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IOSCO and CPMI Issue Updated Guidance Related to Systemically Important Stablecoin Arrangements

The International Organization of Securities Commissions (“IOSCO”) and the Committee on Payments and Market Infrastructures (“CPMI”) have issued an updated report (the “Report”) highlighting regulatory concerns and providing updated general guidance regarding the Principles for Financial Market Infrastructures (“PFMIs”) to systematically important stablecoin arrangements (“Stablecoin Arrangements”) that are classified by relevant authorities as systematically important Financial Market Infrastructures (“FMIs”). You can read our previous article from November 1, 2021 on the consultative report found here. Since that report was published, twenty-six additional comments were received, with a majority of those comments being incorporated into the final report.[1]

Following the comment period on the Report ending on December 1, 2021, the updated guidance to the PFMIs was released on July 13, 2022. The updated guidance provides additional certainty surrounding how the PFMI guidance will apply to Stablecoin Arrangements that are identified as FMIs by relevant authorities. The comments incorporated into the updated Report provide additional certainty for Principle 2 - Governance, Principle 3 - Risk Management and Principle 8 – Settlement Finality of the PFMI guidance that address the following:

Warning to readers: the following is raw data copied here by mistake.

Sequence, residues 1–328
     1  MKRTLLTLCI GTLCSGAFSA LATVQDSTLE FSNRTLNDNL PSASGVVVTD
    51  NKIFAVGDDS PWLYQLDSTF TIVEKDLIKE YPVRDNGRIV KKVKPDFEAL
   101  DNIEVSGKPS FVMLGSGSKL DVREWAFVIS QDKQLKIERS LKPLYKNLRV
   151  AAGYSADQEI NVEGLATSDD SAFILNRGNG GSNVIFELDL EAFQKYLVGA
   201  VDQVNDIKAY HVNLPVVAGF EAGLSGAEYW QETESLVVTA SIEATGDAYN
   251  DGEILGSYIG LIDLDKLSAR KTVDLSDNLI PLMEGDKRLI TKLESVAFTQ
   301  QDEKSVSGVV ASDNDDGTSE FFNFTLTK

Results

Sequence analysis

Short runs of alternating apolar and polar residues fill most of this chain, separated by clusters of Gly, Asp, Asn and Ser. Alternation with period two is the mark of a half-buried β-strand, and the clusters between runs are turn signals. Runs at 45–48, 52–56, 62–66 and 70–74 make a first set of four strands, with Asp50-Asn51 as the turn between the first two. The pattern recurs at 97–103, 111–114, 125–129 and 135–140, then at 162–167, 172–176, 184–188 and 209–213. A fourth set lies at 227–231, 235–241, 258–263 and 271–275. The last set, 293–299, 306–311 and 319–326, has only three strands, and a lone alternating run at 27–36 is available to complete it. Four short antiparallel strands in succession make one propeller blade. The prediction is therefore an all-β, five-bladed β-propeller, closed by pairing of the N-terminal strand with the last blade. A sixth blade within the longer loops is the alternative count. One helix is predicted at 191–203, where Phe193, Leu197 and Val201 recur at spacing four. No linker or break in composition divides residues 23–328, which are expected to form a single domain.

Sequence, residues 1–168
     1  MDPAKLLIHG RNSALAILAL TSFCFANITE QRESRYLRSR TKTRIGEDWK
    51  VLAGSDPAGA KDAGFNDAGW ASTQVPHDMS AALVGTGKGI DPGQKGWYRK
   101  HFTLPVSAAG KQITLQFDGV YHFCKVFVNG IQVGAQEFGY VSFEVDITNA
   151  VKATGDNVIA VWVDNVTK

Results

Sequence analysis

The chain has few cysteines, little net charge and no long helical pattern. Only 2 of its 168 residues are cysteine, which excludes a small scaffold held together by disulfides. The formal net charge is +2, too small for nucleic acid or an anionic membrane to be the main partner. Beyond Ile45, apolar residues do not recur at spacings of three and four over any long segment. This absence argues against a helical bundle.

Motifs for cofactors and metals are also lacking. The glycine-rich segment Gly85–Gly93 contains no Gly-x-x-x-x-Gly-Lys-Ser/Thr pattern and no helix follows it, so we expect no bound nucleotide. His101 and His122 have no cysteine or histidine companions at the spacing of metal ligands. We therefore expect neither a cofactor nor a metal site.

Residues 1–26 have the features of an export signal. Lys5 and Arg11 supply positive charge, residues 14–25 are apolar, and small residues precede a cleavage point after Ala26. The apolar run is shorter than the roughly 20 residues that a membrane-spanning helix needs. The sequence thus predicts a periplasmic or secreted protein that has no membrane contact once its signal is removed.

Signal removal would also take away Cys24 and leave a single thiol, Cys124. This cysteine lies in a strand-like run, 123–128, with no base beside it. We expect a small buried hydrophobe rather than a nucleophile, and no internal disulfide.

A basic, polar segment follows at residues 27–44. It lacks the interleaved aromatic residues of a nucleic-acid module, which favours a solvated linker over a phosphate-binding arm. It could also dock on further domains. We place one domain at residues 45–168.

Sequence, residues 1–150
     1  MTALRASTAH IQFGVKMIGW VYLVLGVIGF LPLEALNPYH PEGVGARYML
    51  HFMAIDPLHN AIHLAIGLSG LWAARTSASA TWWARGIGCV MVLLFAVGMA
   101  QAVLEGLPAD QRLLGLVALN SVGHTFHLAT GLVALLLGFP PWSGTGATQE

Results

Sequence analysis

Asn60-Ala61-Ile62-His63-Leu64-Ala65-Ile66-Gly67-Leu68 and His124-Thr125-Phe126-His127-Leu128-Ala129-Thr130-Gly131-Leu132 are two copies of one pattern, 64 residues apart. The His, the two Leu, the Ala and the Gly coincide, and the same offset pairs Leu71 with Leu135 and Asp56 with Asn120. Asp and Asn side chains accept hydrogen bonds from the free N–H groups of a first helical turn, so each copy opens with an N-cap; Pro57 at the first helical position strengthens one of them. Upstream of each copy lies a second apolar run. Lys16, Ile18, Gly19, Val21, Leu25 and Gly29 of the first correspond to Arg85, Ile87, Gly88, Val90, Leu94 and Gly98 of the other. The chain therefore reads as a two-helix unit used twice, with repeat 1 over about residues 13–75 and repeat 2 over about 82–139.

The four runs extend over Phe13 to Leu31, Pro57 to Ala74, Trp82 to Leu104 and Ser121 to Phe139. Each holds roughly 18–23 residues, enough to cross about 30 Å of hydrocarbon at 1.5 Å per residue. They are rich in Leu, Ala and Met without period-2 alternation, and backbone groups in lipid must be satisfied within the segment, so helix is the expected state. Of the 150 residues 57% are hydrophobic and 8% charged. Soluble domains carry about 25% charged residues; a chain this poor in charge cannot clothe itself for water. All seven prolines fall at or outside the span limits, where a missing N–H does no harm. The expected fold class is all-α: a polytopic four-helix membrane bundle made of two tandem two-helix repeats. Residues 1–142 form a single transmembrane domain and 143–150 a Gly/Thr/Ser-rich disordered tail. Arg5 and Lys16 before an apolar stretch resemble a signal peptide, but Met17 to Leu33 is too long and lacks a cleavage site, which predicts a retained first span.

1. That Stablecoin Arrangements will be subject to PFMI guidance through classification as an FMI as a result of performing a transfer function;
  2. The criteria used to identify Stablecoin Arrangements of systemic importance that are then classified as FMIs; and
  3. Addressing the challenges and possible solutions to minimize the risks associated with settlement finality and the novel issue of “probabilistic settlement” commonly associated with Stablecoin Arrangements.

Principle 2 – Governance

The Report provided additional clarity regarding the purpose of the application of the PFMI guidance for the governance of Stablecoin Arrangements under Principle 2 of the PFMI. Specifically, the legal characterization of the Stablecoin Arrangement within any jurisdiction’s legal and regulatory framework is not to be determinative. Instead, the intention is to have the PFMI guidance apply to Stablecoin Arrangements that perform a transfer function and is determined to be systematically important by relevant authorities. The Report further states that using or accepting stablecoins as a means of payment does not by itself constitute performing a transfer function and such activity is not subject to the guidance in the Report.

Since the Stablecoin Arrangement transfer function is comparable to the transfer function of other FMIs under the PFMI, this allows for relevant authorities within their own jurisdiction the discretion to determine whether the Stablecoin Arrangement is systemically important, and if so, that the Stablecoin Arrangement would be expected to comply with all the principles of the PFMI.

Principle 3 - Risk Management

The Report recommended under Principle 3 of the PFMI that for FMIs that are subject to regulation, supervision and oversight, authorities should clearly define and publicly disclose the criteria used to identify FMIs, and the criteria used to determine their systemic importance.